Many employers have policies or programs to accommodate the needs of employees who need to be away from work for one reason or another. The Family and Medical Leave Act may apply to your situation. FMLA leave is available to employees who have worked for a company for a year or more, and who have logged a certain number of hours worked. The employer must have 50 or more employees in your location, or in locations near your site.
FMLA leave is available to you for several circumstances. It is available for your serious medical condition, for the serious medical condition of an immediate family member, or for the birth or adoption of a child. FMLA leave is unpaid leave. Up to 12 weeks of FMLA leave may be available to you for a qualifying condition. Companies have several options as to how they count the 12 weeks. Contact your company to inquire as to how they count FMLA leave.
In addition to FMLA leave, your employer may offer an additional disability leave program, paid or unpaid. Often, this benefit is related to how long you have worked for the employer. For example, if you have worked for the employer for several years, you may be eligible for a paid medical leave for a certain number of weeks based on your length of service. Most companies will count this paid leave as concurrent with unpaid Family and Medical Leave Act Leave.
Once you have determined that you will take leave, and how your employer will handle that leave, you have some additional considerations to entertain. How will you prepare for being away from work? What do you have to get ready for? What plans do you have to make? How do you structure your absence to make sure you don’t leave others hanging? Finally, how do you make sure you have something to come back to? Pretty difficult questions. Some are pretty self-evident. You will need to identify what needs to be done while you are gone. What due dates are ahead of you? What do you need to make sure is covered in your absence? These are the questions about what will happen while you are gone. Perhaps even more significant are the questions about what will happen when you return.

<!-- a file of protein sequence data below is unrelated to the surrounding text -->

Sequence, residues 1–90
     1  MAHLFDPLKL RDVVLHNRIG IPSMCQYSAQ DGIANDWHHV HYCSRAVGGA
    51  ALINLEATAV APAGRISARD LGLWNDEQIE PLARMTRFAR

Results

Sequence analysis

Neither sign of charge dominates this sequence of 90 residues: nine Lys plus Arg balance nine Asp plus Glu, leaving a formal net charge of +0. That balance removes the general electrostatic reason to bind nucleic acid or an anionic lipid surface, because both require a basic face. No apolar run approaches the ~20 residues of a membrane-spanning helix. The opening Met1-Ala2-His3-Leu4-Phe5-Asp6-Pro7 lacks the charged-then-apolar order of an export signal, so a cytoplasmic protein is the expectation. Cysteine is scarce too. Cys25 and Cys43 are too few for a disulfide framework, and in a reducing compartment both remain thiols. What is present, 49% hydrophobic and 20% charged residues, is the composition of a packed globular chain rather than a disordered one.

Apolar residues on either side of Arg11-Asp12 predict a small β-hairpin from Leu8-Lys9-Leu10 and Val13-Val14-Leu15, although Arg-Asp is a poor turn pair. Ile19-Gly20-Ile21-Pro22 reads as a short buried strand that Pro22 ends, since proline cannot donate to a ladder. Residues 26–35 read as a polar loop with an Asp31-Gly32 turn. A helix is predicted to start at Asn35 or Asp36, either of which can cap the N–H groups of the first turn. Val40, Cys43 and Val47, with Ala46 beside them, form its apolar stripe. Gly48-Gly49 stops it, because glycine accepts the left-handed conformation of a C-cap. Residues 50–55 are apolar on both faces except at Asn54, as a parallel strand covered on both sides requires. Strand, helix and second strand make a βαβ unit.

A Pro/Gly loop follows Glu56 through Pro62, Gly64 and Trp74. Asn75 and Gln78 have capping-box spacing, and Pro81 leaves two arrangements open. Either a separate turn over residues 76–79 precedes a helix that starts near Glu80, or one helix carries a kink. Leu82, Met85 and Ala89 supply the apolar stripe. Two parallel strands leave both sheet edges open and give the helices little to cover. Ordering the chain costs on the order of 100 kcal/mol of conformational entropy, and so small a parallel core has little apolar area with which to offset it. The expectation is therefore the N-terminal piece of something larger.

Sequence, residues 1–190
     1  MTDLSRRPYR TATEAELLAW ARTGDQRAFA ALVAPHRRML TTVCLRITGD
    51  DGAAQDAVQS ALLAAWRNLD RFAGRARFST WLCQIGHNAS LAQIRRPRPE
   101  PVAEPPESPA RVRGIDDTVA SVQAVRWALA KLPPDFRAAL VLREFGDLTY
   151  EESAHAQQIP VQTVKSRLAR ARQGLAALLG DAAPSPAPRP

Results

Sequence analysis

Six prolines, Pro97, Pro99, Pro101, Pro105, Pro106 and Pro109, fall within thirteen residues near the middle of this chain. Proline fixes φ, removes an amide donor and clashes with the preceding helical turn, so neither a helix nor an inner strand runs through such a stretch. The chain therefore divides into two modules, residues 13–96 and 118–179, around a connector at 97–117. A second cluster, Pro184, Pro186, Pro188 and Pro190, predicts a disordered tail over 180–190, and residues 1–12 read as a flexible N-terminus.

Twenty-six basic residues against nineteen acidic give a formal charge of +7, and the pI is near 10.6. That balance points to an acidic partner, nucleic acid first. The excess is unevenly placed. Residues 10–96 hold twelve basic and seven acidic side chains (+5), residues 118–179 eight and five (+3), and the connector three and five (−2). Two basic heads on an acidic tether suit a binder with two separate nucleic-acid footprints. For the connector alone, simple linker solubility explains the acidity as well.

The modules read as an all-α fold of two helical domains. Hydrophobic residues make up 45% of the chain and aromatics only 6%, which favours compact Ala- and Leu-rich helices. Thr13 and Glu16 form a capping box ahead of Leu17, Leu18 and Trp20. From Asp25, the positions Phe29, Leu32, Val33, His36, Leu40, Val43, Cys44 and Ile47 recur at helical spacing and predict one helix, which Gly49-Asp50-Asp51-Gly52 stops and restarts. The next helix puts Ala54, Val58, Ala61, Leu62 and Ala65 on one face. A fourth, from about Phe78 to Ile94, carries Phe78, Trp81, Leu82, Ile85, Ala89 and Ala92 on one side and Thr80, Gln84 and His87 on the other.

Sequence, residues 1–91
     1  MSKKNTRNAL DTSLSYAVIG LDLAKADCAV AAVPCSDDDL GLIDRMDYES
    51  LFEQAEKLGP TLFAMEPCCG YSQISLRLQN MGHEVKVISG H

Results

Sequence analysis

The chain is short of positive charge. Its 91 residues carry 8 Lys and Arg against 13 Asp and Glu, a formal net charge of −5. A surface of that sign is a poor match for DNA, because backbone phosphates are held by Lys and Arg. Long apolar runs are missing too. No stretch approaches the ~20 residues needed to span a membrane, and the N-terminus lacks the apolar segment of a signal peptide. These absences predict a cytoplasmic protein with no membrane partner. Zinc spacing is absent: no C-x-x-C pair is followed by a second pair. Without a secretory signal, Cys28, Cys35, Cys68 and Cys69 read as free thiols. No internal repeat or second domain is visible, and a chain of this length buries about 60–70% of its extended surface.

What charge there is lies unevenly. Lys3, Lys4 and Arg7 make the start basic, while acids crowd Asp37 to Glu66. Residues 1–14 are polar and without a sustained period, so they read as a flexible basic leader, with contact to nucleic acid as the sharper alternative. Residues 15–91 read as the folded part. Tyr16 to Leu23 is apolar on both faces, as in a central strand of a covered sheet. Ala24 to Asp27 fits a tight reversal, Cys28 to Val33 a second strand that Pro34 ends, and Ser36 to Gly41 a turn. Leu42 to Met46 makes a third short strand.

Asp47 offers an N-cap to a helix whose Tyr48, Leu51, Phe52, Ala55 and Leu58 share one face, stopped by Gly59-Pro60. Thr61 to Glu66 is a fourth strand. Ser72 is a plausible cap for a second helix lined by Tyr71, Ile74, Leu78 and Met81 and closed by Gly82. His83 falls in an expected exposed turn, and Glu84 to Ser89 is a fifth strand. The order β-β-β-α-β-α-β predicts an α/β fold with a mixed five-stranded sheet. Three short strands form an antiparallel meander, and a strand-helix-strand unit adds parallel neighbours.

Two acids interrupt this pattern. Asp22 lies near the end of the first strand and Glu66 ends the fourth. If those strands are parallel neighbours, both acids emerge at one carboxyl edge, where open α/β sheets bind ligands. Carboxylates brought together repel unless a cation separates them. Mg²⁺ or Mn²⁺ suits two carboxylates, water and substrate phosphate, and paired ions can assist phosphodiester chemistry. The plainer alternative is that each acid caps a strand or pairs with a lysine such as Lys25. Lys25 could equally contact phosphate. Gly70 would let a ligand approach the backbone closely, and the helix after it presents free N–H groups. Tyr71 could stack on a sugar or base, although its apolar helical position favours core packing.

Understandably, employers must cover the required work while you are gone. How do you make sure you are not replaced permanently? A couple of options are available to you. First, look at your responsibilities. There are certain things you do which are quite critical or important to your employer. Identify those, and make sure your employer knows what they are. If there are specific steps you take to assure that these tasks are accomplished seamlessly, document these. Meet with your manager, and lay out the instructions you have prepared for your temporary replacement. I’m betting you have some pretty serious questions about this approach! Why would you facilitate your own replacement? Well, there are some really good reasons to do this.
Your manager is probably anxious about your absence, and about covering the work while you are gone. You demonstrate your value, your work ethic, your sense of responsibility and reliability by approaching your absence this way. You and your manager are collaborating to solve a problem which could be a very, very, difficult time for your manager if it were not handled well. In short, you actually demonstrate your value with this approach!
Now let’s think about your return to work. If your physician can support it, think about coming back to work gradually. It’s often difficult to go from not working at all to a full work schedule. Talk this over with your manager, even before you leave. Let’s say you are having a major surgical procedure. For the first four weeks or so, you are not going to be up to much of anything but recovery at home. But on weeks 5 and 6, perhaps you could schedule a short conference call a couple of times a week to begin catching up. Then, on week 7, (or even week 6!) you may be able to work 15-20 hours a week. Finally, your physician will release you to a full work schedule.
This approach is so much easier on both you and your manager. Think about it. In the weeks you are working part time, you get your feet wet again, you contribute your expertise, AND you go home and get the appropriate rest needed for your recovery. When you do come back to work full-time, you will be more rested, will be up to speed on what has been going on in your absence, and will be far more likely to avoid a dangerous relapse. This approach will likely be much less of a concern to your manager, too! If he or she knows you will be out of pocket completely for 8 weeks, that’s a different situation to manage than your 4-week absence and gradual re-entry to the work place.
In short, you will communicate your conscientious attitude about your job if you approach a needed leave proactively. You can’t NOT take such a leave. But, with some thoughtful advance planning, you can probably make it easier on you, your co-workers and your management.